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City Promises Housing for All People Displaced by East Harlem Explosion

Friday, March 14, 2014

Cranes knock down the remaining wall of one of the two buildings that were destroyed in East Harlem after a gas explosion. Cranes knock down the remaining wall of one of the two buildings that were destroyed in East Harlem after a gas explosion. (Stephen Nessen/WNYC)

Recovery and cleanup continues in East Harlem after a gas explosion leveled two buildings, leaving eight dead and hundreds displaced.

Mayor Bill de Blasio announced that the Department of Homeless Services will provide 50 apartments to families in private buildings, while the Real Estate Board of New York will offer 34 apartments on the East Side for up to three months.

"You have everything from folks who were displaced from the two buildings destroyed, to people in adjacent buildings who can't get back yet," de Blasio said, speaking outside a temporary shelter for families at the Salvation Army on 125th Street. 

Everyone that was missing has been accounted for, but the FDNY will continue searching the rubble for remains.

Fire Commissioner Sal Cassano said crews will continue to treat the site of the explosion in East Harlem as a rescue and recovery zone. 

The last wall standing at the site of the explosion has been removed and Cassano hopes investigators will be able to get into the basement of the buildings to determine the cause of the explosion.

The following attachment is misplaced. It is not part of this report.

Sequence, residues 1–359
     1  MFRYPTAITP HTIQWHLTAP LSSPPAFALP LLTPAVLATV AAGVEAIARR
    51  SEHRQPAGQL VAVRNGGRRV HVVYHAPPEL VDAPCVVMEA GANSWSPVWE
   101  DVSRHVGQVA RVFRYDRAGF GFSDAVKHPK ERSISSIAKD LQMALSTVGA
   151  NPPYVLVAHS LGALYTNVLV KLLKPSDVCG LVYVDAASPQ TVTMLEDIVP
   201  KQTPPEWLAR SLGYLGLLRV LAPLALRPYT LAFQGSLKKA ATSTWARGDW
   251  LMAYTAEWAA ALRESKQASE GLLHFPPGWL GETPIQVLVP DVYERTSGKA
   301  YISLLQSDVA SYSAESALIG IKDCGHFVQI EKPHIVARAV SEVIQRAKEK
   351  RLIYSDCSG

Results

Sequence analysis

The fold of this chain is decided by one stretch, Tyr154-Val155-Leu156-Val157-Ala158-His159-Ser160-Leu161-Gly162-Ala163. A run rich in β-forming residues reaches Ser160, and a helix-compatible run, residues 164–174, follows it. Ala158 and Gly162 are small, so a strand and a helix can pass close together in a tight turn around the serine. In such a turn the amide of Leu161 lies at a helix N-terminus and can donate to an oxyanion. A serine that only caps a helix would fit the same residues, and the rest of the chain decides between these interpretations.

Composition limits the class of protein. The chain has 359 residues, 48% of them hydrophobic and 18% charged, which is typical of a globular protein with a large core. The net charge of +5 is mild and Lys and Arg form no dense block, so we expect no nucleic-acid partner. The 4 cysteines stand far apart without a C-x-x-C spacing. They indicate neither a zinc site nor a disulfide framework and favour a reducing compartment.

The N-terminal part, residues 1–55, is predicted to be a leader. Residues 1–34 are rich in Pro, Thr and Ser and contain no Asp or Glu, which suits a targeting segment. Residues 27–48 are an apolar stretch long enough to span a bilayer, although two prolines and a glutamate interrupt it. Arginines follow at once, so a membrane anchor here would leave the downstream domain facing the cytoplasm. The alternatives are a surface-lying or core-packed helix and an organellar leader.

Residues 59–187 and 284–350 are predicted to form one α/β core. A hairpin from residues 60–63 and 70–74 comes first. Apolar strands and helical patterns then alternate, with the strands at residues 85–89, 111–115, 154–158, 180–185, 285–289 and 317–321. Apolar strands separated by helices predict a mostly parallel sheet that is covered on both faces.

Over a dozen cats, several turtles and a parakeet named Pepe have been rescued from nearby buildings that were evacuated.

Jennifer Coffey with the Mayors Alliance for New York City Animals said the pets will be returned to their owners once they find permanent housing.

"We are sheltering some of these animals in temporary care, in foster homes for the next few weeks, while families get back on their feet," she said.

City workers check gas mains in East Harlem following a fatal blast that killed 8 and took down two buildings. (Stephen Nessen/WNYC)

On 116th Street, the block remains closed to traffic, and is littered with broken glass, and several holes dug up by officials looking for the source of the gas leak.

Odalys Guzman, 47, is the manager of the New York Glamour Hairdressers and stopped by to see if she could get it in, but was turned away by police. Wiping a tear from her face, she said on a regular Friday, this block would be a hive of activity. "We at this time would've been packed as well as all the other businesses here, it's grim, its very saddening to see this," she said.

The city says the Small Business Administration will be meeting with business owners to see what aid is available.

The last remaining wall is knocked down so fire crews can examine the basement of the destroyed buildings. (Stephen Nessen/WNYC)

City workers shut off water main in East Harlem at site of gas explosion that killed eight and destroyed two buildings. (Stephen Nessen/WNYC)

 

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